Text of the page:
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Using colloid lithography to fabricate silicon nanopillar arrays on silicon substrates

Chen, Jem-Kun, Qui, Jia-Qi, Fan, Shih-Kang, Kuo, Shiao-Wei, Ko, Fu-Hsiang, Chu, Chih-Wei, Chang, Feng-Chih
Journal of colloid and interface science 2012 v.367 no.1 pp. 40-48
contact angle, hydrophilicity, nanogold, oxygen, silicon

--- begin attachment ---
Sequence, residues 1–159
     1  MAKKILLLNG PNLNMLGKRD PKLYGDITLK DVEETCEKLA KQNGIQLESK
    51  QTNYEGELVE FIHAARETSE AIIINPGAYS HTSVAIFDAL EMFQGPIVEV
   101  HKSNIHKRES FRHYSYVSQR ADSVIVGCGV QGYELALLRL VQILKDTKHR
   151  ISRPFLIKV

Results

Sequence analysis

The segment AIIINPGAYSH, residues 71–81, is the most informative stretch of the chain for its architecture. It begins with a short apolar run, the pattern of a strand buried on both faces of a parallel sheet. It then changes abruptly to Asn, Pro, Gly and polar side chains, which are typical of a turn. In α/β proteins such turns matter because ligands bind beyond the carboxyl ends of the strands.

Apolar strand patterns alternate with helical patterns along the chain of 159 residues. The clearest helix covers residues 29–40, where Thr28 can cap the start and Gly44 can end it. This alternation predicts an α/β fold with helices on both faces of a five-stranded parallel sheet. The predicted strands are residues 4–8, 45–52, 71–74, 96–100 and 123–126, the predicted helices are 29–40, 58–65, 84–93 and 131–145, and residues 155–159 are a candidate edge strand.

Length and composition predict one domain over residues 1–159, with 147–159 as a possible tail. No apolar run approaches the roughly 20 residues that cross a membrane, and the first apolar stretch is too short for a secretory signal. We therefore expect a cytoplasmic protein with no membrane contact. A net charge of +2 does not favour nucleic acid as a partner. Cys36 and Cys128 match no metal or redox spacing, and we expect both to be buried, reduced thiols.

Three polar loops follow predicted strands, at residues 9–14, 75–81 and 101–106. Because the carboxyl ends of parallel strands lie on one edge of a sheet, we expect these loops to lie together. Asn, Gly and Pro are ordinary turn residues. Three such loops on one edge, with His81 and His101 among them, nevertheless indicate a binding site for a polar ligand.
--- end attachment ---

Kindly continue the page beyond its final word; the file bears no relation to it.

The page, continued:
In this study, we partially grafted geminal silanol groups in the protecting organic shells on the surfaces of gold nanoparticles (AuNPs) and then assembled the alkyl-AuNP-Si(OH)₄ particles onto the surfaces of silicon (Si) wafers. The density of assembled AuNPs on the Si surface was adjusted by varying the geminal silanol group content on the AuNP surface; at its optimal content, it approached the high assembly density (0.0254particles/nm²) of an AuNP assembled monolayer. Using reactive-ion etching (RIE) with the templates as masks, we transferred the patterned AuNP assemblies to form large-area, size-tunable, Si nanopillar arrays, the assembly density of which was controlled by the dimensions of the AuNPs. Using this colloidal lithography (CL) process, we could generate Si nanopillars having sub-10-nm diameters and high aspect ratios. The water contact angles of the high-aspect-ratio Si nanopillars approached 150°. We used another fabrication process, involving electron beam lithography and oxygen plasma treatment, to generate hydrophilic 200-nm-resolution line patterns on a Si surface to assemble the AuNPs into 200-nm-resolution dense lines for use as an etching mask. Subsequent CL provided a patterned Si nanopillar array having a feature size of 200nm on the Si surface. Using this approach, it was possible to pattern sub-10-nm Si nanopillar arrays having densities as high as 0.0232nm⁻².